The other idea to consider when it comes to your personal information online is not just the company that owns it. Yes, they’re subject to laws and regulations they must comply with. You know who isn’t? Someone who breaches the security of that company and makes off with a database or set of files with your information on it. It turns out that laws don’t do much to stop criminals, especially ones that don’t reside in the same country. I’m not so worried about Facebook having my personal info. I’m more concerned about what might happen if a hostile entity (such as a foreign government that doesn’t like Canada much) got hold of legally or otherwise.

This is also why I’m generally against expansions in government surveillance of citizens. There’s the obvious civil liberty discussion, sure. Equally important is what happens if the government suffers a data breach. Even if you believe a company or government is completely benevolent and will never do wrong with the data you provide it or it collects from you (with or without your knowledge), you should fear what may happen if someone not authorized to access or acquire that data happens to get their hands on it. Or what could happen if someone from within accesses your data out of curiosity and declines to report their snoop to their boss.

Where do we go from here? Do we completely unplug, ditch social media, and take up life as analog hermits? Certainly not. I would argue, even with the downsides and loss of privacy, that social media and the Internet at large are positives for the human race. These mediums allow for unprecedented flow of knowledge and information. They’ve done away with the gatekeepers of industries such as music production. Everyone has a voice. It’s even used as a tool to fact—check and keep our leader’s statements in check. What we must consider are the trade—offs we make. Blind ignorance is no excuse in this world. Nor is it effective to be paralyzed by paranoia.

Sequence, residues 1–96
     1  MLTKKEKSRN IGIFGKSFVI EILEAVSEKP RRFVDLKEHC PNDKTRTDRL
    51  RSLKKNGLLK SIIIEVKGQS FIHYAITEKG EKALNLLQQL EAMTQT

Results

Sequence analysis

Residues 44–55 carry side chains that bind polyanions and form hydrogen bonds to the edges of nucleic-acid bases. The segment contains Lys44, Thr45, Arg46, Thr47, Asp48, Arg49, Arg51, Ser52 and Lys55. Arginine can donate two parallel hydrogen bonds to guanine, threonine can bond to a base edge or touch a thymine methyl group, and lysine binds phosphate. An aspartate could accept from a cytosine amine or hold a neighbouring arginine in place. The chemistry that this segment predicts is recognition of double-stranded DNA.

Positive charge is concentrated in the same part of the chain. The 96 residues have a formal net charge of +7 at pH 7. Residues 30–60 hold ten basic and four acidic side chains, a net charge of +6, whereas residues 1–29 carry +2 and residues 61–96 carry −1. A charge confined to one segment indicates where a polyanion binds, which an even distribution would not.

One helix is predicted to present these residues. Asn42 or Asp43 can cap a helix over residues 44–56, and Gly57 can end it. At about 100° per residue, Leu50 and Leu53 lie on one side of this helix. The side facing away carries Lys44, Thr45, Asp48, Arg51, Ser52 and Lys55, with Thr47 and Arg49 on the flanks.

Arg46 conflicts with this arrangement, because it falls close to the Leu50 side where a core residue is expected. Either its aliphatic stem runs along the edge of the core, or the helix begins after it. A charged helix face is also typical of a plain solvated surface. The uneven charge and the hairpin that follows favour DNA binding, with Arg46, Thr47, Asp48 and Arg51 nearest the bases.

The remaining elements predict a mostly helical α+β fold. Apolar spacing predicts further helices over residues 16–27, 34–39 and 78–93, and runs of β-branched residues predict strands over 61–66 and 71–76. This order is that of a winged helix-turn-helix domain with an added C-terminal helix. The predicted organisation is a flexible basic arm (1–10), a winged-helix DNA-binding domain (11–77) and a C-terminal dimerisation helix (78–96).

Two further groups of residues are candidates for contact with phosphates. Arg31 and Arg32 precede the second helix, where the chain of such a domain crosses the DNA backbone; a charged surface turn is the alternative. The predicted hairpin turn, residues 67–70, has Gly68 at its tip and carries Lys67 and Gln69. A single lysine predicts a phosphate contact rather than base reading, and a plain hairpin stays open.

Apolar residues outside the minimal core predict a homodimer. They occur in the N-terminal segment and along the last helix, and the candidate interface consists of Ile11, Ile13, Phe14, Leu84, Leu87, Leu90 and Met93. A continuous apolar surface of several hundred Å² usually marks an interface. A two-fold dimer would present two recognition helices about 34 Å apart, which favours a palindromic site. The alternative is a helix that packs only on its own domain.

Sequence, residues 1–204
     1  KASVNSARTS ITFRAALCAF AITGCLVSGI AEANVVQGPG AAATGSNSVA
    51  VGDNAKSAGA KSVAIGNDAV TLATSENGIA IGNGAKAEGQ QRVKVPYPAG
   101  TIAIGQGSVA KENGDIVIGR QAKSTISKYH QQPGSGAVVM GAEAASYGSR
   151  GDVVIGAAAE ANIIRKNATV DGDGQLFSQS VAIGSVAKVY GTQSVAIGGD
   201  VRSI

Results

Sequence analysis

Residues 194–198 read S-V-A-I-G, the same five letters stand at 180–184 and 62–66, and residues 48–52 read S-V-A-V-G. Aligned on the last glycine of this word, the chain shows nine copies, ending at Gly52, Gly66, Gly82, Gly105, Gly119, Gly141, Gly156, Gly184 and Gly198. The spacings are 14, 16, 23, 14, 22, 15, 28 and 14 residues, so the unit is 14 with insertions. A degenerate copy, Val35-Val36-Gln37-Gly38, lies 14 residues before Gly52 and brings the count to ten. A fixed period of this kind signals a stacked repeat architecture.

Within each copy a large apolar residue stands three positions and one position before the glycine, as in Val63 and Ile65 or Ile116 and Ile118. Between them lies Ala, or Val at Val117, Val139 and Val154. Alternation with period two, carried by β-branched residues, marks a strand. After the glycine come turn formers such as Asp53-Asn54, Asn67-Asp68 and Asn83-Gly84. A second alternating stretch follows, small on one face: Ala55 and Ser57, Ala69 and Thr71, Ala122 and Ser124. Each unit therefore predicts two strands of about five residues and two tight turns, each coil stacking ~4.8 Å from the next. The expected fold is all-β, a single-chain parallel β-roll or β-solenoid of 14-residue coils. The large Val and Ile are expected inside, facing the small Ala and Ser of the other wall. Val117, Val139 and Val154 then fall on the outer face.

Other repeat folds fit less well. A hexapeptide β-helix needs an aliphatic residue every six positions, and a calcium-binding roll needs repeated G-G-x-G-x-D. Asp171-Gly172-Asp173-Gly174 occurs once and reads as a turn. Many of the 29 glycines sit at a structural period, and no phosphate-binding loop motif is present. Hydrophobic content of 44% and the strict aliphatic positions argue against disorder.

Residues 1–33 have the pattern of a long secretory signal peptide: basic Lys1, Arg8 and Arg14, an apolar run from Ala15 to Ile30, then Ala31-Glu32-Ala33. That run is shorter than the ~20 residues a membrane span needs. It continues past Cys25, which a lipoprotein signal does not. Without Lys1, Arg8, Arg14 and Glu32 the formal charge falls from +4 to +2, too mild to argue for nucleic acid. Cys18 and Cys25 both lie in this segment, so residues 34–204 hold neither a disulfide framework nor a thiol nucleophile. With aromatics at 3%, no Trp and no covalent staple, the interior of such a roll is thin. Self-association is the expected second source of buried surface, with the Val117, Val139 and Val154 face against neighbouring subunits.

When you are asked for personal information, ask yourself why you are about to hand it out. Check yourself. Would you be okay with that company doing whatever they want with your info? Do you want the whole world to potentially find out about your activities? Social circles are tighter than ever before. That or the Internet and social media makes them seem tighter. I’m one professional connection removed from our Prime Minster, Justin Trudeau. That’s pretty tight. Perhaps this is all a reminder for us to be more mindful. Mindful that what we post may be used against us or in ways we never anticipated. Mindful that nothing in life is truly free.

Finally, it’s also a reminder that just because you read it on the Internet doesn’t mean it’s true. Although it is nice to be the President of Iceland. That is definitely a fact.

Published by Elias Puurunen

Elias Puurunen is a versatile entrepreneur and President of Northern HCI Solutions Inc., an IT consulting firm which has worked with Fortune 500 companies, governments, and startups. He has spoken at conferences in Canada and the United States and has been published around the world. Part of his work led to an agreement between the Canadian Government and Siemens Canada, creating jobs and investment into green infrastructure. His company's event management app, the Tractus Event Passport connects people at conferences, seminars and symposiums across Canada. Today he is a consultant and advisor to technology firms and government organizations. He lectures at the University of Waterloo on Coding for Policy Analysis for the School of Public Policy. He is the author of Beyond Passwords: Secure Your Business, a cyber-security book for small business owners.